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Unboxing with Alexa: How Gwynnie Bee Uses Voice to Engage Customers

Fashion subscription company Gwynnie Bee is putting a new twist on the unboxing experience.

Unboxing typically centers around people opening their e-commerce packages on camera, resulting in videos uploaded on platforms like YouTube for all the world to see. From toys to electronics to cosmetics and fashion, unboxing has morphed into an entrenched social media phenomenon that sees “stars” earning considerable sums for showing off their wares.

But Gwynnie Bee is taking a different approach, aiming to inject a bit more fun into members’ private unboxing moments.

While the size-inclusive clothing rental membership e-commerce business’s new Alexa skill includes some utilitarian features, the focus is on an unboxing “adventure” that the member is invited to star in once she opens her latest Gwynnie Bee box.

Gwynnie Bee’s service allows customers to rent anywhere from one item at a time for $49 a month to 10 garments at once for $199 monthly, with complimentary shipping and returns. There’s no limit on how many items a customer can rent each month or on how long she can keep an item, though there’s an option for her to purchase any favorites.

Upon opening a new Gwynnie Bee box packed with their latest selected styles, customers are greeted with a card inscribed with “Choose your own adventure” and instructions to scratch off one of the two “adventure” options, which will reveal the invocation phrase that will begin the Alexa experience. Amazon’s digital voice assistant might ask which of the new clothes the customer wants to try on first, naming each item specifically by brand name, color and type.

The experience aims to mix humor with education, guiding the member through various daily scenarios like potentially spilling coffee on her rental dress, with a reminder that Gwynnie Bee returns are free and the company also takes care of the washing and dry cleaning.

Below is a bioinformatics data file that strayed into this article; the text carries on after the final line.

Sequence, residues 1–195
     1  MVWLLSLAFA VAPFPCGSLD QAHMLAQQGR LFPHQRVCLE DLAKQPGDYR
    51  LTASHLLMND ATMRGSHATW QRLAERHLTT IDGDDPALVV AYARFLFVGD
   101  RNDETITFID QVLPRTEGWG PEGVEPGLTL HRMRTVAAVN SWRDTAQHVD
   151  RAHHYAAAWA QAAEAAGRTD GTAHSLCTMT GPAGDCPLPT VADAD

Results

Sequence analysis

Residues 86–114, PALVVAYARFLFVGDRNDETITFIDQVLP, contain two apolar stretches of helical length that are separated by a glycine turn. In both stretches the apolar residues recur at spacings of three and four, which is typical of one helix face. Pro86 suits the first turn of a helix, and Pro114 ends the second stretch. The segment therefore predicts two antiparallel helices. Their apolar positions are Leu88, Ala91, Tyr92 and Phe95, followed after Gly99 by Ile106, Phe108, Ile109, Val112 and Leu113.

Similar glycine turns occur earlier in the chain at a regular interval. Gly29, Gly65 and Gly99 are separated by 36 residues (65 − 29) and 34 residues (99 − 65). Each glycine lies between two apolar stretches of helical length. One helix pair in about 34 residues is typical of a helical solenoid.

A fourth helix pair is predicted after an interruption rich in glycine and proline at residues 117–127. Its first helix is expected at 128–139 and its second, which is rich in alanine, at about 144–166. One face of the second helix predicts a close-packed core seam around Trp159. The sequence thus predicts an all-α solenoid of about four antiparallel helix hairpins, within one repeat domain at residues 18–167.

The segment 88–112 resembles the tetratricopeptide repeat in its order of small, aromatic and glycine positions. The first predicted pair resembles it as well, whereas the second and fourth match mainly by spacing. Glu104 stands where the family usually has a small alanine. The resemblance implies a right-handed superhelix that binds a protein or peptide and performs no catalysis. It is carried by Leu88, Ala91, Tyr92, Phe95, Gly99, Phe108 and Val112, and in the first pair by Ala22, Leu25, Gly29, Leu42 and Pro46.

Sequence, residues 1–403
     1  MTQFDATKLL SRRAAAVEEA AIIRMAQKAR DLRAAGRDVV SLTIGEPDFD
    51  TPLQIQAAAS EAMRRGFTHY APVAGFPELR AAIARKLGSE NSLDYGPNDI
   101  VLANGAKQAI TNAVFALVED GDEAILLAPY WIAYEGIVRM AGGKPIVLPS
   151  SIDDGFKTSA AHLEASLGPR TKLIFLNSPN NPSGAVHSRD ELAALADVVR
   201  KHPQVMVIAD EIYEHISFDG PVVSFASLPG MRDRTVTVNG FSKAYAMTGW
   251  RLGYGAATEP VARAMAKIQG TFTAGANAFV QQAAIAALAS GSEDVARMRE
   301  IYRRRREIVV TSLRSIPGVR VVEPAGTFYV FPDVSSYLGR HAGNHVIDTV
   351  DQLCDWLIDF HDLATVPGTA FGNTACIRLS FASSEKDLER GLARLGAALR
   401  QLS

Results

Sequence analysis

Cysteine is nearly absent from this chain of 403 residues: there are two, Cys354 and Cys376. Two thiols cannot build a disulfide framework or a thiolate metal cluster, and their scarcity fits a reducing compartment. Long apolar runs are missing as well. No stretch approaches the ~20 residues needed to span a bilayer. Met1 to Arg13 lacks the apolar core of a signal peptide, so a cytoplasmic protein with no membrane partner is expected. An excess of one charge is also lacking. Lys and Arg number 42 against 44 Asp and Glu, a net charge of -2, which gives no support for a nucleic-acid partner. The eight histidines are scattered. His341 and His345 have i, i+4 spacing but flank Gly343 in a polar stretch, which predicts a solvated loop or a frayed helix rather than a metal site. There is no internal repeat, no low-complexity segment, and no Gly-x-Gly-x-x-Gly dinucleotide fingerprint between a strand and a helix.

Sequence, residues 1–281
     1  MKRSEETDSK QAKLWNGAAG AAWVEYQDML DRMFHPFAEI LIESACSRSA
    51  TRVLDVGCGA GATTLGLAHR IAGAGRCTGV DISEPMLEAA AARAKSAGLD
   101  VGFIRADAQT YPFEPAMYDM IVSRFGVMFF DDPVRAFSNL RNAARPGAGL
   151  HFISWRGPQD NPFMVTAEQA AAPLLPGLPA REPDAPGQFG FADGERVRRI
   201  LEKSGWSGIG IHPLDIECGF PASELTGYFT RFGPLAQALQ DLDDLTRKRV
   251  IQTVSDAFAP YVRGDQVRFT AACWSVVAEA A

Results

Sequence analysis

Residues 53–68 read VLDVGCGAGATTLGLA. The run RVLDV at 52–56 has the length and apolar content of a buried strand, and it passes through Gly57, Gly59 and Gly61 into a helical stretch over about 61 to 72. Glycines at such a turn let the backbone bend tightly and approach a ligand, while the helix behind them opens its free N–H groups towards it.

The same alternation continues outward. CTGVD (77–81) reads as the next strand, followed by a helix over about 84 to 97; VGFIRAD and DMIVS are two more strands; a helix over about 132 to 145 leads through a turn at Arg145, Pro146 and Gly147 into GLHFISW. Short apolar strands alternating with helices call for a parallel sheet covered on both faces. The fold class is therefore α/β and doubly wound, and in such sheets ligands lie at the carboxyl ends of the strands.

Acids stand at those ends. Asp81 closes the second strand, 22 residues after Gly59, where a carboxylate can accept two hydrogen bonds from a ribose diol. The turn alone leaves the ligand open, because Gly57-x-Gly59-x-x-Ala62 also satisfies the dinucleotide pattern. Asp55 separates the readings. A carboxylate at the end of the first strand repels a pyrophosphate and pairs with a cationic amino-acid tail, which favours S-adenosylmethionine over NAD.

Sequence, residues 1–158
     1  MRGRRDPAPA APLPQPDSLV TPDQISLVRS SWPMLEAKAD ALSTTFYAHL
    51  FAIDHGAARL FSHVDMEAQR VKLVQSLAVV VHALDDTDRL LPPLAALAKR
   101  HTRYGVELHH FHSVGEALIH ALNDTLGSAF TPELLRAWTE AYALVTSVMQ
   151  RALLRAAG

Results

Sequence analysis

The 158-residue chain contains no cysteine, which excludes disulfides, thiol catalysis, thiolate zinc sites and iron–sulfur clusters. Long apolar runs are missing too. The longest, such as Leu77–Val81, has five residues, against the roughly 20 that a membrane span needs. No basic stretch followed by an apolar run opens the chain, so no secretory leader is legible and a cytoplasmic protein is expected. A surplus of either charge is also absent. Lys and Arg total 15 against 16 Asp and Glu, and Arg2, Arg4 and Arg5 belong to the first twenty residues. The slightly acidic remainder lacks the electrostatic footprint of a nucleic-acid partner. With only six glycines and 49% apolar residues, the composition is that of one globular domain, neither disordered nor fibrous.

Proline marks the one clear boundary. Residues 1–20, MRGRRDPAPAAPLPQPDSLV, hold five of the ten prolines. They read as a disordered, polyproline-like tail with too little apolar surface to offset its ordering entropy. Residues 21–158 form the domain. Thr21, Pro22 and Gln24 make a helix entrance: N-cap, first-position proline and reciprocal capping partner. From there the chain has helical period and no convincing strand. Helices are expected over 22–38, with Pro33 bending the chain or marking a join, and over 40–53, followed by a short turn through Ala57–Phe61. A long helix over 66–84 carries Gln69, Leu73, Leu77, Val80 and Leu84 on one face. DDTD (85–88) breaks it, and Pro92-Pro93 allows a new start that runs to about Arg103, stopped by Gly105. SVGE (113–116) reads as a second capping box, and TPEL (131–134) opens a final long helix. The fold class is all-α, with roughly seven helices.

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Once the unboxing adventure is over, members can interact with the Alexa skill to initiate an item return, letting Gwynnie Bee know to start preparing the next package. Alexa also takes members through the process of reviewing the garment and concludes by dispatching a confirmation email including a photo of the returned item. The email offers customer service information in the event that Alexa accidentally initiated a return for the wrong garment.

The Alexa skill also helps members get transit updates on their incoming boxes.

Gwynnie Bee said it proactively developed the Alexa skill in response to the “hockey-stick growth” it’s seeing with voice interface adoption. The company created a discussion forum where skill users are invited to provide feedback on improvement and functionality suggestions. “In-skill purchasing has been surfaced in the forum and is on the list of improvements we are taking into consideration,” Gwynnie Bee said.

So what’s next?

“In voice, you can expect rollout of capabilities across multiple platforms like Google Assistant and in our native Gwynnie Bee app,” Gwynnie Bee said. “In terms of other innovative experiences, we are exploring different platforms such as augmented reality that can further bridge the gap between physical clothing and digital experiences.”